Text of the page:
Good Old Robin Hood
Robin Hood, oh Robin Hood, robbing the rich, to keep out of the hood.
And is he good? Oh is he good? Is this the right question to ask.
He may be the only vigilante who doesn’t wear a mask.
Who prefers a laugh, not so good with a staff, and then again,
a hero who actually accepts help from his friends.
Unheard of. This word love. Before there was a Marian around.
Light turquoise, pastel aqua, gold trimmed, shimmering gown.
Her Robin may be a wanted man, but that smile she wears is criminal.
Her power over him subliminal, in almost every single way, but minimal.
But would he be the Robin Hood he seems, if he let her steal his show. I think no.
Feathered arrow through the heart of a bent bow. Bouncing apples in the pale palms
of kids in costumes. Filling up the room, full with so many not so tiny voices.
These people lined up in chairs, seated, are afraid of all our choices.
They fear our volume. They fear the light. They fear to be on stage at night.
Actors do not have these fears.
The merry inhabitants of Sherwood do not share their tears.
We are fighters, and delighters, and inciters and even fools.
We are not led by Robin. Because we are not led by rules.
And if he ever forgot. If he took a step down the path of prideful Prince John.
If ever there was an if, when Robin fancied himself sheriff.
Then we would rob him good. Robin Hood.
Who has never been as real, as his call to steal,
what was already rightfully owned by us anyway.
So if nothing else. Not another word, if, from me, you’ll hear no more,
then let me go ahead and tell you the great lesson hidden
in the blessing I stole from this old faded English fable.
Be glad. Be merry.
Smile until your face is sore.
And no one, not Kings or Princes,
not even the meanest Lady Merle in the world,
can rightfully call you poor.
The Sort of Gift a Grandpa Gives
This is the duct tape they use to repair airplanes.
Heavy. Solid. Abrasively sticky.
Collecting clung hair and dirt.
Shining and black on the surface. Gray and dull within.
Half a mile or so wrapped up around a cardboard ring.
Strong enough to hold together a plane.
A gift given by a man who is a grandfather, through and through.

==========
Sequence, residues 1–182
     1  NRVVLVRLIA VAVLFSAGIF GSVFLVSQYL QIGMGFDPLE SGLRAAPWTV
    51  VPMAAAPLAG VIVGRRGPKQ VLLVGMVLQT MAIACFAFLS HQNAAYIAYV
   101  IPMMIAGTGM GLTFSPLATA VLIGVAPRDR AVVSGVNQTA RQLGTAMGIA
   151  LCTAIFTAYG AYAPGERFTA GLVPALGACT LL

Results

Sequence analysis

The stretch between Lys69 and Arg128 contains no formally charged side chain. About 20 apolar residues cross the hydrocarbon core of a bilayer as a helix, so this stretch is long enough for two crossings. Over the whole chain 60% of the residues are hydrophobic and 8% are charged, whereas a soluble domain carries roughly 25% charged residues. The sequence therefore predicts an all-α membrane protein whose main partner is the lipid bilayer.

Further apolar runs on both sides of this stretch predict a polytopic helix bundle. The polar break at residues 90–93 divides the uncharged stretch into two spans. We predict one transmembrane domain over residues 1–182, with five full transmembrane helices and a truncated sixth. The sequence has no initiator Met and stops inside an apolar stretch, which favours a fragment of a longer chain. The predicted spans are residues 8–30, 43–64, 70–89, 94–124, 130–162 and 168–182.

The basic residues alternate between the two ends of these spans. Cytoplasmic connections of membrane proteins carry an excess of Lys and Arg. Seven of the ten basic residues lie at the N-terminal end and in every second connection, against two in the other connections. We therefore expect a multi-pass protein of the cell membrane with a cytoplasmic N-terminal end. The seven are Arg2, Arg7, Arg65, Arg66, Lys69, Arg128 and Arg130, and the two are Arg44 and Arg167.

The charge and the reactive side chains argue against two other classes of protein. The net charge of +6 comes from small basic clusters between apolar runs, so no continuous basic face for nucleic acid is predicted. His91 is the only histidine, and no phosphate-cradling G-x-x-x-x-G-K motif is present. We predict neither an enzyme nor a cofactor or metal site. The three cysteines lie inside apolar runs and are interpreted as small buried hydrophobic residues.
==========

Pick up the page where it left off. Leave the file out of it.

Like he was born for the job from the very start.
A child destined to be looked up at by children.
Reaching for over-sized glasses and filling nostrils with slobber-fingers.
Touching his eternal smile framed by round red mounded cheeks.
A man who makes his children’s children happier to live.
And tape strong enough to fix wings. The sort of gift a grandpa gives.
Among others. Sneaky smiling while he hands them over.
Wet eyes locked, knowing, he is that timeless sort of clever.
Twenty odd referees blowing whistles first thing call the sun out.
Crying foul. Singing yellow thumbs. Pigeon coup. Upheaval.
Change. Cold night filtered air meets heat head on and wiggles
hips up from asphalt.
Eyes half closed in order to see.
Horizons a voice can’t seem to pull on. Bird songs.
And southern dialects over decaf coffee
loud enough on a front porch to be heard down the street.
Like we are all of us part of this conversation. Birds too.
Raspy ones that bark like feathered kazoos.
Sharp clean could be a grandpa in a supermarket.
Hollow boned morsels tap Morse code.
Tweet like teenagers,
except impeccable grammar.
Then the quiet ones. Watchful birds.
If not for my imagination,
would not nest in these words.
Yet they are there. Bobbing in the treeline.
Staring down silver glimmers tracing the crests of gray lake waves.
Filling young yellow triangles with breakfast.
Not all birds wake up to song.
There are plenty of referees who uphold flat palms.
And only say, with silence, play on.
Scruffy looking if you can call it a tree line.
Little gnarly oaks that only grow
where the ground is burned
every other year, or so. Or sew
Spanish moss like tassels off
proud bowing tree limbs. Or sew on
button nosed pine cones pitted in pockets
of so much sand.
Like fleas if you let them get bad.
Like trees after too many fires,
and how they come back.
More and smaller and shorter and scruffy.
Looking hungry. Staring out hard in that devout
rooted if you can call it an eye line.
Terrified for seasons to change.
Fire means different things,
when you can not run.